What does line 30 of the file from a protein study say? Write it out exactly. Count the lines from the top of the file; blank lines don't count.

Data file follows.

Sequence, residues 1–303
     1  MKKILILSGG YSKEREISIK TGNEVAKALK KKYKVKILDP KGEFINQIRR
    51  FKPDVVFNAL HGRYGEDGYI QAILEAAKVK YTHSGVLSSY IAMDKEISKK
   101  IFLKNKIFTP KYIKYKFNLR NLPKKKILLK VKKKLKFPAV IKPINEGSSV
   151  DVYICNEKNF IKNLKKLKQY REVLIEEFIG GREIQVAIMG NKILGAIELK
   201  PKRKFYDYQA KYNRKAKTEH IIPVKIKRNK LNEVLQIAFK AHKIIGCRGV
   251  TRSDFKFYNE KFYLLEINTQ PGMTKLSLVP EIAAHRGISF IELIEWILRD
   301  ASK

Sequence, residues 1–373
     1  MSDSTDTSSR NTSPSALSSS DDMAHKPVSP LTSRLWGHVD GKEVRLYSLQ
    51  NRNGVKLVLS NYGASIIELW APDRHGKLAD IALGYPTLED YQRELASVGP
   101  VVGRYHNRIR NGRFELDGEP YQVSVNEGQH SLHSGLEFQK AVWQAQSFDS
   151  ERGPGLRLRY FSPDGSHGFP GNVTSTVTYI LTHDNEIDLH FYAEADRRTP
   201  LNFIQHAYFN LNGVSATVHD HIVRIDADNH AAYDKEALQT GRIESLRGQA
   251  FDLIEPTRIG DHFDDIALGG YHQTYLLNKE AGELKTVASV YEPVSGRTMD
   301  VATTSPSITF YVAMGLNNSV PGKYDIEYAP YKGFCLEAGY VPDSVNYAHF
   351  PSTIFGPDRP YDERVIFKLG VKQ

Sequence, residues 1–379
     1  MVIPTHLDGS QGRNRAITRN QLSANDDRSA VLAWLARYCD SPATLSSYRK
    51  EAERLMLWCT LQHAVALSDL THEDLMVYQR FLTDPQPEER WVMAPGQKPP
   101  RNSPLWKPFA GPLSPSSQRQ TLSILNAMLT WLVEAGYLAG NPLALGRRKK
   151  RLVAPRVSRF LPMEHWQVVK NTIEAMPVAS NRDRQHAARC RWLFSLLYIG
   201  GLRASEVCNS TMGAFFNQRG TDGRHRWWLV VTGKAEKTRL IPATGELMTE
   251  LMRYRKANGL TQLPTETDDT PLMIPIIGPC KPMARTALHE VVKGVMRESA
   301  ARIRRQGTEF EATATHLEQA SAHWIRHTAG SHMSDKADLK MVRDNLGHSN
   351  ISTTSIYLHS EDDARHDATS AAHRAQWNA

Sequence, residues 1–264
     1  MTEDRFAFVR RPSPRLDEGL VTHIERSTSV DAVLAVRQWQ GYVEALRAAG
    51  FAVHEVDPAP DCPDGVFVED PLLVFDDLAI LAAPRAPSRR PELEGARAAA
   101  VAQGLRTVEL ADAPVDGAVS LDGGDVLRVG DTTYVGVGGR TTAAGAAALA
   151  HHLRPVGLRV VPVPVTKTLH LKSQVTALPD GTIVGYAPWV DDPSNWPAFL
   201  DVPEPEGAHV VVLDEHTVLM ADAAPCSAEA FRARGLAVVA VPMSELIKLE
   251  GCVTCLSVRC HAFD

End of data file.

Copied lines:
   101  VAQGLRTVEL ADAPVDGAVS LDGGDVLRVG DTTYVGVGGR TTAAGAAALA